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LGBTQ+ Math Day held for the second year in a row

Panelists talk about dealing with prejudice in academia, coming out
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CHERYL NONG/THE VARSITY
CHERYL NONG/THE VARSITY

On November 18, the Fields Institute hosted its second LGBTQ+ Math Day, a one-day online conference featuring LGBTQ+ people in mathematics. 

The Fields Institute is a mathematical research organization located at the University of Toronto. Deirdre Haskell, deputy director of the Fields Institute, told The Varsity that the institute organizes events to spotlight LGBTQ+ researchers in math, since equity-building conferences are vital to the mathematics community.

“I think it’s really important that we can support inclusion in mathematics — mathematics should be available for everybody to do,” said Haskell. “It’s really important to me personally to make it possible for people to feel safe about doing mathematics.”

What do LGBTQ+ mathematicians research?

The main part of the event consisted of talks from four speakers — Mohamed Omar, Becca Thomases, Seppo Niemi-Colvin, and Amanda Folsom — from various fields of mathematics. Each of their half-hour talks focused on a particular topic from their research.

Omar, an associate professor of mathematics at Harvey Mudd College, started the first lecture with a simple, easily accessible concept — how many ways can you combine different sizes of chicken nugget orders? It turns out that, using only six-piece, nine-piece, and 12-piece chicken nuggets, you can get an order with exactly as many chicken nuggets as you’d like, as long as you’re willing to eat at least 44 of them.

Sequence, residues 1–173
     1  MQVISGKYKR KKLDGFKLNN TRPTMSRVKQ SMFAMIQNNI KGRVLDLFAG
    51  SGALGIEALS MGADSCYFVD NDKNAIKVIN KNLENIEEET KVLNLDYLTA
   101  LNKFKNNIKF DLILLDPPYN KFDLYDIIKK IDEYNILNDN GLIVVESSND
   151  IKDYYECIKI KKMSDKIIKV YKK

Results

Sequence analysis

He then used that intuitive idea of chicken nugget orders to talk about generating numbers from arbitrary generating sets in similar ways. He and his colleagues study numerical semigroups — the numbers that are generated by those sets — and the different features they exhibit, which display properties that turn out to be very similar to the geometric properties of certain algebraic curves.

Toward the end of his presentation, Omar pivoted to talk about how his relationship with mathematics had changed over his educational career. During high school, he often used math as a fun escape from stressful experiences in his personal life. “I had a really, really tumultuous coming out process, and for me, math provided this opportunity to dive deeply into interesting, fascinating problems in a land that wasn’t attacking me.” 

Once he got to university, he found community and support in The Glow Centre, an organization at the University of Waterloo designed to serve queer and trans students. “My experiences through The Glow Centre made a massive difference in me being able to get through university in one mentally well piece,” he said. That support helped him engage with mathematics alongside his personal and professional life.